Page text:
7. Maintain a Sense of Humor

The world is fast paced, business is complex, and life is serious. It can be overwhelming. Maintaining a sense of humor tends to put all things in perspective.

It is often said that leadership is part science and part art. It’s never really just about “what” you do, because it’s influenced greatly by “how” you do it. Style really does matter. Intentional effort applied to competencies (science) will undoubtedly serve a leader well. The differentiation, though, is how the leader chooses to demonstrate his or her mastered skills (art).

I believe the improv platform skillfully merges art with business and creates an avenue for us to challenge how we think about things – and that begins a whole new dimension of thinking.

*AI is the use of principles, tools, practices, skills and mindsets of improvisational theater in non-theatrical settings…that may result in personal development, team development, creativity and innovation, and/or meaningful change.
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Stacey uses insight, perspective, and humor to move people toward greater self-awareness and thought leadership. Improve Thru Improv® is her trademarked platform that merges business acumen with improvisational techniques to “play with how you think!”. Raving fans of her work refer to her as “thought provoking, intensely self-aware, a wanna-be extrovert, and freakin’ hilarious!”. Before creating Mason On Leadership, a leadership consultancy focusing mainly of behavioral assessments and executive coaching, she spent a lifetime with Walmart Stores, Inc. She writes about thought leadership as a columnist for B2B publications, and as a published writer, has contributed client stories for a business and leadership book titled “The Birkman Method: Your Personality at Work” by Sharon Birkman-Fink and Stephanie Capparell. She co-founded the Sock Monkey Improv troupe, and has trained with various actor-teams including Roving Imp out of Kansas City and Second City in Chicago.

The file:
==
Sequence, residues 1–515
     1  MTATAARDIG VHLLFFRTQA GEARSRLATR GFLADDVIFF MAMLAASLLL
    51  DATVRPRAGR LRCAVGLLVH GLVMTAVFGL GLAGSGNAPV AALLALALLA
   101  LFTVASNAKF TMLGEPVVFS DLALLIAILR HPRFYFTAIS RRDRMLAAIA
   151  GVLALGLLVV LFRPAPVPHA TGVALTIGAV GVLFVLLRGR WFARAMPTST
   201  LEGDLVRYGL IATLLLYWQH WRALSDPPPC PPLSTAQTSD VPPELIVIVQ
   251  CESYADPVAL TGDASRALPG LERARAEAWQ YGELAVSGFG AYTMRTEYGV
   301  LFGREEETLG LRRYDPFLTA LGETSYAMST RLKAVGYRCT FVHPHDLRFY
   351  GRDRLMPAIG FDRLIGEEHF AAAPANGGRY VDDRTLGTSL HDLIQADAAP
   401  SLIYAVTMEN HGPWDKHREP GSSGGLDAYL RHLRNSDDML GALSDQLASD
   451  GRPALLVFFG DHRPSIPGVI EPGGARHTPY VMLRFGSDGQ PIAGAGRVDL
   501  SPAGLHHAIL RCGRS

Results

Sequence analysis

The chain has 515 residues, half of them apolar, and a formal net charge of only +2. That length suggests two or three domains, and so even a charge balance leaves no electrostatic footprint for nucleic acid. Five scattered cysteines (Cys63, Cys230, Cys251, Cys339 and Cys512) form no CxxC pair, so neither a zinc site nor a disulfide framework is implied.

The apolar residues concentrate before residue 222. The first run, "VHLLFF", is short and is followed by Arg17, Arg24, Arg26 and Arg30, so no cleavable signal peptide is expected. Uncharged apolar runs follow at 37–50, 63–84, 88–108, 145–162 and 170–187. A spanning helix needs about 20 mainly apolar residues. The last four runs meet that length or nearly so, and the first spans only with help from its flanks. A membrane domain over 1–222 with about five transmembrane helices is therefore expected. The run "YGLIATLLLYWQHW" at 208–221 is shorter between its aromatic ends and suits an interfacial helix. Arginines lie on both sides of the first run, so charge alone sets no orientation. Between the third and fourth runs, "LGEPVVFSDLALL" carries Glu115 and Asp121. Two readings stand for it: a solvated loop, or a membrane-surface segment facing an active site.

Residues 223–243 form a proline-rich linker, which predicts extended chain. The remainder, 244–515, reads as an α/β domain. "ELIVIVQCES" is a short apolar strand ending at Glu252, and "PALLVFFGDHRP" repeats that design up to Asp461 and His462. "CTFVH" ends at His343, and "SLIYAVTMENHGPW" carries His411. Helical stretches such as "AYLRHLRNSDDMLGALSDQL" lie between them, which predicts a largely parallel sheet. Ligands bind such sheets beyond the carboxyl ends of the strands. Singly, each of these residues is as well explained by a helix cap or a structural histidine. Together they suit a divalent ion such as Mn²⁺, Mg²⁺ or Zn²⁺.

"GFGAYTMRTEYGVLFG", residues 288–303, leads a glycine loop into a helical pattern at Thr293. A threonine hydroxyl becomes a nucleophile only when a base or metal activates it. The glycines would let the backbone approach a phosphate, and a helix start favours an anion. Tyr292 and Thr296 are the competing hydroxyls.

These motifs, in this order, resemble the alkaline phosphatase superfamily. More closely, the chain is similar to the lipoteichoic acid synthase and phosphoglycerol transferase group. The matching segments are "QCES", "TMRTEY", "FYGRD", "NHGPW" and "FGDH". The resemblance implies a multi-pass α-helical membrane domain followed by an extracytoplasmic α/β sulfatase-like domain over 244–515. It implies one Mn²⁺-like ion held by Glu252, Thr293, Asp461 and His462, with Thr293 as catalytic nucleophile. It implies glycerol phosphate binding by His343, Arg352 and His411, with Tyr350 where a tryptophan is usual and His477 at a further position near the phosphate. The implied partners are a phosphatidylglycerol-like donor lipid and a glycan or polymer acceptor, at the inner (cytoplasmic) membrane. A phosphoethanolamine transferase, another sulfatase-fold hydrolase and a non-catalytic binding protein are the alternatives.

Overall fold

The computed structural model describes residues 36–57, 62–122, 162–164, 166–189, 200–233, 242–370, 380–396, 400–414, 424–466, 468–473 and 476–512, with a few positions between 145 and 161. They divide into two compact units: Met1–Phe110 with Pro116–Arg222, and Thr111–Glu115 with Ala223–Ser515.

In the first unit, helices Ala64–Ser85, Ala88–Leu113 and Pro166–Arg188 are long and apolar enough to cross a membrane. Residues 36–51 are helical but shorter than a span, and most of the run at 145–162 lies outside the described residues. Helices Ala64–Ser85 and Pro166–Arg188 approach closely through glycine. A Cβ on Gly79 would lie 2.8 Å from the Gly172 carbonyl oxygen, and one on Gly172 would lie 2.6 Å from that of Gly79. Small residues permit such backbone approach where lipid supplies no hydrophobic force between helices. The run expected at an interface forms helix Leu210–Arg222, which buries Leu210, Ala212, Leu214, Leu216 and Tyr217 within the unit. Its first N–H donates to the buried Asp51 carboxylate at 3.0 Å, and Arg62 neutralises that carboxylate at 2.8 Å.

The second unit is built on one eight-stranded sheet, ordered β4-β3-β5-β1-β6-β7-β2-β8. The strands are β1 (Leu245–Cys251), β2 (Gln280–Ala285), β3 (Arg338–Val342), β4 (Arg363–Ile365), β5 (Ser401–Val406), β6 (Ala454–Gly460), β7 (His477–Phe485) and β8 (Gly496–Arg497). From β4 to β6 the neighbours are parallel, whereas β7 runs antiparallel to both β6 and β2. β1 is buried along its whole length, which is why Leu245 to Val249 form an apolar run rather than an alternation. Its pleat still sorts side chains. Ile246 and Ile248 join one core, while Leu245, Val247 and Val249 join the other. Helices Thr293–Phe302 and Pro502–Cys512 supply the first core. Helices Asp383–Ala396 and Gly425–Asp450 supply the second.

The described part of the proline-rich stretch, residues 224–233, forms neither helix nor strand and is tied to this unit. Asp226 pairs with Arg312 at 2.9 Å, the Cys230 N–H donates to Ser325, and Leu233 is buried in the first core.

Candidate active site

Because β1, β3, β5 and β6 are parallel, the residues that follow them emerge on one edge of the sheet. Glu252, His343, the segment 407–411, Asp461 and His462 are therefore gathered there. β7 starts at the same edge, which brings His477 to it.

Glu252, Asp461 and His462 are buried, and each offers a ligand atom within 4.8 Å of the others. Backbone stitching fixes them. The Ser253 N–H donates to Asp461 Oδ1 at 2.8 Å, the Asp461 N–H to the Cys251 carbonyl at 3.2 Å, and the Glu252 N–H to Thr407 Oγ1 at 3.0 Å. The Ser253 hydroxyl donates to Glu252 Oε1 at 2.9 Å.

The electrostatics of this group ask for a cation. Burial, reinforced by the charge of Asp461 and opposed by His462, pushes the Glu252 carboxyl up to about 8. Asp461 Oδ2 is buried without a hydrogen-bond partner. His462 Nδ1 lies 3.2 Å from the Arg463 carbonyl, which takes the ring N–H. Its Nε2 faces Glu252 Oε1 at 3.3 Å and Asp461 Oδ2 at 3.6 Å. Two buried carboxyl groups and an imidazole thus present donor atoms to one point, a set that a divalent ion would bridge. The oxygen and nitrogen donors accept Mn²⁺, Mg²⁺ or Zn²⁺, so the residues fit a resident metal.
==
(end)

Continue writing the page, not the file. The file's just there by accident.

• Julia Pimsleur

    A great example of this merging of art
    forms (right-brain) with business thinking (left-brain) are Amy
    Jain and Daniella Yacobovsky, the founders of BaubleBar, which sells costume
    jewelry online. They found a creative solution to pitching to rooms of men on Sand Hill
    Road in Silicon Valley. They knew that most VCs would not have much if any
    experience with online shopping for jewelry, so they sent a box of products
    ahead of time to the (mostly female) receptionists of the VCs they were pitching
    to and then called up ahead of time and spoke with them at length about the
    products. When they showed up, the receptionists were often wearing the jewelry,
    and in a few cases the VCs asked them to come in the room and share what they
    liked about their necklace or bracelet. They wound up raising $10M from a
    variety of investors, including J. Christopher Burch, co-founder of the Tory
    Burch empire.

  • There’s a more human way to do business.

    In the Social Age, it’s how we engage with customers, collaborators and strategic partners that matters; it’s how we create workplace optimism that sets us apart; it’s how we recruit, retain (and repel) employees that becomes our differentiator. This isn’t a “people first, profits second” movement, but a “profits as a direct result of putting people first” movement.